Back To Basics
Practical and (Mostly) Painless Tips on Ways To Pare Down Your Possessions
You don’t have to know where you are moving or when in order to tackle one of the toughest parts of changing homes… eliminating the excess in your life. You can save pain and strain by downsizing. You’ll have fewer things to pack and move and an uncluttered home that is more attractive to buyers.
‘Tis A Gift to be Simple, ‘Tis a Gift to be Free
Most of us have too much stuff: everything from clothes to collectibles, hobby materials, things we’re storing for our children, and things we’ve been meaning to fix. If a move is in your future, start dealing with these surpluses now. Here’s how.
Start simply. Tackle some of those dusty boxes in the basement or attic or the closet in the guest bedroom. Give yourself 15 minutes per box (take a timer, so you don’t get lost on memory lane), and create four piles:
- things to keep and use,
- things to give to family members or others,
- things to sell, and
- things to throw away.
Assign colors to the various categories (e.g., red = stays, green = goes, gold = sell, black = toss) and stick on matching labels.
- Get rid of things that you haven’t used in more than a year: clothes that don’t fit or are out of style, camping equipment, excess kitchen gear, spare parts and gadgets from the garage and shop, baby stuff.
- Toss things that are broken or unsafe: old holiday lights, that waffle maker with the frayed cord, the wobbly playpen.
- Distribute keepsakes. Give your children their report cards, drawings, and other things you’ve been saving for them. See if those to whom you intend to leave artwork and furniture can accommodate it in their homes now.
Memories and Keepsakes, Yours and Theirs
Does that mean that you should chuck everything that isn’t purely practical? Not at all. But keep only things that are truly essential. If the hippo paperweight your daughter made in third grade makes a place feel like home to you, then hold on to it. One man’s treasure is another man’s trash, as they say, and vice versa.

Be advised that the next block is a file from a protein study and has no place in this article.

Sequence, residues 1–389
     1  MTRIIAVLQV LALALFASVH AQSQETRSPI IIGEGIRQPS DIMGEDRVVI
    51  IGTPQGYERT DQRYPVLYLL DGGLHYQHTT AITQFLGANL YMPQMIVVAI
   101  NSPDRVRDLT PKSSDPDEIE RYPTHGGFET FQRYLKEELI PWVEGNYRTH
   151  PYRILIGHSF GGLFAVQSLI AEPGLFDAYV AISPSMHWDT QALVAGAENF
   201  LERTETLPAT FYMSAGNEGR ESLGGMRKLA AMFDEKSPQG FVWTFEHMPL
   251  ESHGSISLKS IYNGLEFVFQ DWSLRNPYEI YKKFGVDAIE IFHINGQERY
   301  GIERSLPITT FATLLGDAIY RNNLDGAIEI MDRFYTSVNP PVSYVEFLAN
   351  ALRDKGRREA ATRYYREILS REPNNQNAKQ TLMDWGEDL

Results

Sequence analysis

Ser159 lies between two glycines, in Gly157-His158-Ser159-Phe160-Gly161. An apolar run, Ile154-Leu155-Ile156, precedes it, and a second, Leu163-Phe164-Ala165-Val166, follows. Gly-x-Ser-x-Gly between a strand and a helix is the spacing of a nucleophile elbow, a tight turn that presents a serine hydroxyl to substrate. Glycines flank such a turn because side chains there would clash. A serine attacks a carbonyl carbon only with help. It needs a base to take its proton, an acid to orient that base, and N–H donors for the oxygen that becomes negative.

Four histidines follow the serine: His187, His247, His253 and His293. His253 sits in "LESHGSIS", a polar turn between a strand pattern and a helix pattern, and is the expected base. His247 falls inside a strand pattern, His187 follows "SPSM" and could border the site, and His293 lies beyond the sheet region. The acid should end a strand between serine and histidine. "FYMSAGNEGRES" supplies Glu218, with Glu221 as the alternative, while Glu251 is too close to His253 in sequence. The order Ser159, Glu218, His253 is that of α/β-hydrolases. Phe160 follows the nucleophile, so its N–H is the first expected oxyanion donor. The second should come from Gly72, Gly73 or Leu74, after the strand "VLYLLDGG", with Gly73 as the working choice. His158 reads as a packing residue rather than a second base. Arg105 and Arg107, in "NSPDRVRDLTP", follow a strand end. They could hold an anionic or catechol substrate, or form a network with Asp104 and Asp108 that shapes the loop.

This also applies to things you want to pass on to others. While you may expect that family members will admire your china or clock collection, what they may truly treasure is that battered red sled, piles of old comic books, or the family cookie jar. So check before you toss out things that may have sentimental value. Set a deadline by which things have to be taken away, though, or they may never leave.
By the way, if you haven’t done so already, this is a good time to record who will receive which heirlooms. (If you don’t have preferences, do what some have done. At the next family gathering have people draw straws and take turns choosing items that are important to them.) Label objects with the names of who will inherit them, make a comprehensive written list of these bequests, and include it in your will or living trust.
This is also a good time to capture the history connected with keepsakes. On separate sheets of paper, identify who is pictured in family photos and what the occasions are. Carefully tape the identifications to the backs of the images. Tie tags on objects (“Lena Olson Swenson’s washboard,” “the cradle my grandfather made”).
Having a hard time letting go of something? Consider taking a photo of it to preserve the memory. When time allows, write down its story.
A Place for Everything
There are lots of options for things that you decide not to keep. You can give them away, you can sell them yourself, or you can contract with others to sell them for you.
Charitable organizations are excellent destinations for goods that have service left in them. Call ahead of time to find out which items they accept and whether they have pick-up services. Get a receipt for tax purposes.
Donate photos and other memorabilia to city and state historical societies and college and corporate archives. Take books and board games to hospitals, youth centers, and family shelters. Recycle magazines and newspapers. Take old motor oil, paint, and other hazardous materials to the local waste disposal center.
Sell items yourself via garage sales, classified ads, flea markets, swap meets, or online auctions such as eBay if you have the time, energy, and know-how. Or turn to others for those services. There are a wide variety, estate sale experts to consignment shops that sell items in their stores or on the Internet. Look in your local phone directory under ESTATES, CONSIGNMENT SERVICES, and THRIFT SHOPS.
Remember: You’re not just moving to a new location, you’re moving to a new stage of life. The less you take with you, the less you’ll have to worry about and take care of. And the more time and energy you’ll have for other interests and activities.